i) Likely to be settled during the current operating cycle. An operating cycle may be defined as the time between (a) the acquisition of assets (raw materials) for processing and (b) the realization of the sale proceeds of the finished goods in the form of cash or cash equivalent when the operating cycle is nix given, it is assumed to be of 12 months.
ii) Dues to be met within twelve months from the balance sheet date.
iii) Acquired and retained with the sole objective of trading.
iv) Without a provision of unconditional right for deferment beyond twelve months from the balance sheet date.
If due, for some reason or the other, it is impossible to determine the operating cycle; it is presumed to be twelve months.
Some examples of current liabilities have been discussed in the following points:
i) Short-Term Borrowings
Borrowings resorted to by a company, which need to be repaid within 12 months from their raising, are termed short-term borrowings. Some examples of short-term borrowings are:
a) Demand loans were taken from a bank
b) Overdraft facility availed
c) Cash credit facility availed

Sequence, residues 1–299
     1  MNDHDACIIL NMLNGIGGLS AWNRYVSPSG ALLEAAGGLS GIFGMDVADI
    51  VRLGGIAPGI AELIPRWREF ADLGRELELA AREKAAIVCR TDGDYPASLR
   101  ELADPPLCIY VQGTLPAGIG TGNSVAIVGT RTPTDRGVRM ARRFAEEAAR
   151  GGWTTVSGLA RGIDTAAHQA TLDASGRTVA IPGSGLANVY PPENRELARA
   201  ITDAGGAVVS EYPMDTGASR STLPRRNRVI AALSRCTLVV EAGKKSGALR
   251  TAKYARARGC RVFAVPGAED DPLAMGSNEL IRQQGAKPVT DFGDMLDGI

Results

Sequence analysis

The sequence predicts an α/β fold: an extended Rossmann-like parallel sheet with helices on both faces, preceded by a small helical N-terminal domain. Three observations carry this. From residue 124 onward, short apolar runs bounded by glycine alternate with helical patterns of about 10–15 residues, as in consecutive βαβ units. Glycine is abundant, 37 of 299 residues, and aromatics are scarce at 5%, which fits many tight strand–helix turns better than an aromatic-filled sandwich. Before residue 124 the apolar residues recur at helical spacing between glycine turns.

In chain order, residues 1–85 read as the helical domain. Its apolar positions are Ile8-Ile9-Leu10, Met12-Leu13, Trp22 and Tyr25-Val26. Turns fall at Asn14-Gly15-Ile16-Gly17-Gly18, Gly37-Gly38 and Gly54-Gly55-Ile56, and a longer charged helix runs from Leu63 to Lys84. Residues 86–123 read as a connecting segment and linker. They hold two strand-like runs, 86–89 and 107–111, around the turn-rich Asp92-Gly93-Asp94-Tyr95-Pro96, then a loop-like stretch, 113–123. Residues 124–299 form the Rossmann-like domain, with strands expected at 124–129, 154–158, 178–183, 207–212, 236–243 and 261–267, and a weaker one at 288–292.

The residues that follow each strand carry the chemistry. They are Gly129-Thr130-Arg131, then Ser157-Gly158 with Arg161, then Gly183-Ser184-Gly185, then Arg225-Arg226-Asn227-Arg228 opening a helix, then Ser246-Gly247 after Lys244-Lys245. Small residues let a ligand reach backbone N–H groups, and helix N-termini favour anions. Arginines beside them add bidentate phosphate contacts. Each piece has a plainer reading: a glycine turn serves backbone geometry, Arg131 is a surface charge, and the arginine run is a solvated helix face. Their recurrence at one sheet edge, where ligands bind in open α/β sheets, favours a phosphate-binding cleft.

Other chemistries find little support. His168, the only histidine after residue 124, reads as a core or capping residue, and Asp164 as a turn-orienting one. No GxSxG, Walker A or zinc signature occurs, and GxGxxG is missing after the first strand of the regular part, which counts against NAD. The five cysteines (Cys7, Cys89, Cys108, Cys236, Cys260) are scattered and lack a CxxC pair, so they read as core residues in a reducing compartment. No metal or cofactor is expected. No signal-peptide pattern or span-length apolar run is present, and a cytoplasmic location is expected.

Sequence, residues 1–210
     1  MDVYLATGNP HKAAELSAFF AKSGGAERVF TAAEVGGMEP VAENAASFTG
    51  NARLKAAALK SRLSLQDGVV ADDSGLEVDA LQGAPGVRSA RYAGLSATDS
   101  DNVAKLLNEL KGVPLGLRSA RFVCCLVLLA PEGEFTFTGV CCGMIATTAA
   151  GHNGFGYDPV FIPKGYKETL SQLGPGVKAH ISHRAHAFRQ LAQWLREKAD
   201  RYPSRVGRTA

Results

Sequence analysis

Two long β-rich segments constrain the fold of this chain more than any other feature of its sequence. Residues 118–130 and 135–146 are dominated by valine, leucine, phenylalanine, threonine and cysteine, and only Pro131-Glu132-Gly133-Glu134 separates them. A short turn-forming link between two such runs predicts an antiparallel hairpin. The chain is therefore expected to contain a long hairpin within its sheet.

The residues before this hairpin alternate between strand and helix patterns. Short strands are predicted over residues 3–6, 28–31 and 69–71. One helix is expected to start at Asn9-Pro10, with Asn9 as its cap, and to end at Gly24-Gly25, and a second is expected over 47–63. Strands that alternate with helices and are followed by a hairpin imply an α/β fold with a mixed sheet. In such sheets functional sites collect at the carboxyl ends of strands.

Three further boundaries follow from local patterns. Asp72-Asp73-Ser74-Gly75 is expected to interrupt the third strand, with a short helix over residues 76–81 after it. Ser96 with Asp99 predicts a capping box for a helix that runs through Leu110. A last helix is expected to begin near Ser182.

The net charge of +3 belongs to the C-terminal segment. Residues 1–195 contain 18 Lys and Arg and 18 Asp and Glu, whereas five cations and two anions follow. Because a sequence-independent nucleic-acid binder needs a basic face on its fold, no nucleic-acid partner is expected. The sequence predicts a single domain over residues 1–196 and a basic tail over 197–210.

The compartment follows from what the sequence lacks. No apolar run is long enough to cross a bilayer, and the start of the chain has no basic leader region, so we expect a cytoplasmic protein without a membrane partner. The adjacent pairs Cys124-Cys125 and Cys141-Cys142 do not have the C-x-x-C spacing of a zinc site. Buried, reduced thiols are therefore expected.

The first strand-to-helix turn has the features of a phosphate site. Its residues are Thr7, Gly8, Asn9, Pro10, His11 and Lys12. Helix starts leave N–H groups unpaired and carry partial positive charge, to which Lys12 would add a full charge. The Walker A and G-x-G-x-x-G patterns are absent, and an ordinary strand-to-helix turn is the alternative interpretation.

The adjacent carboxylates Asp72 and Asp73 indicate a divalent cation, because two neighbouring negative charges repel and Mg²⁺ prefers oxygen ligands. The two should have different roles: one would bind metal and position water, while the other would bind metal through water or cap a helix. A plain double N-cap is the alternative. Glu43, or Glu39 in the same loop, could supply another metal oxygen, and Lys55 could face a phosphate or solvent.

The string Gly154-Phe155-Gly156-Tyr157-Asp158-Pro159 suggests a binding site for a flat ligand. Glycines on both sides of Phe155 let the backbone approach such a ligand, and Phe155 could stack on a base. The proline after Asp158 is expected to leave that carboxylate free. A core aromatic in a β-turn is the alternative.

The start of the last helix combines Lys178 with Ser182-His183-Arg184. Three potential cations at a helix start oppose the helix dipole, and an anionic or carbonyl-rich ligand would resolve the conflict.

d) Loans taken from related parties
e) Deposits accepted.
ii) Trade Payables
During the normal course of business, the amount payable against the purchase of goods and services is referred to as the trade payables’. They may be in the form of sundry creditors or ‘bills payable.’
iii) Other Current Liabilities
Other current liabilities are those liabilities that are neither ‘short-term borrowings nor trade payables. They may be of the following types:
a) Current Maturities of Long-Term Debt: The part of long-term debt which becomes due for payment within 12 months from the balance sheet date.
b) Interest Accrued but not Due on Borrowings: If a company follows the accrual accounting concept, necessary provisions are required for the interest that has accrued but is still not due for payment. For example, If a company has issued debentures, wherein the interest is payable twice in a year, i.e., 30 June and 31 December, and the company prepares its Balance Sheet on 31 March, it is imperative on the part of the company to provide for the interest accrued during the quarter January to March every year, as the interest for the above quarter would become payable along with the quarter ended 30 June on 30 June.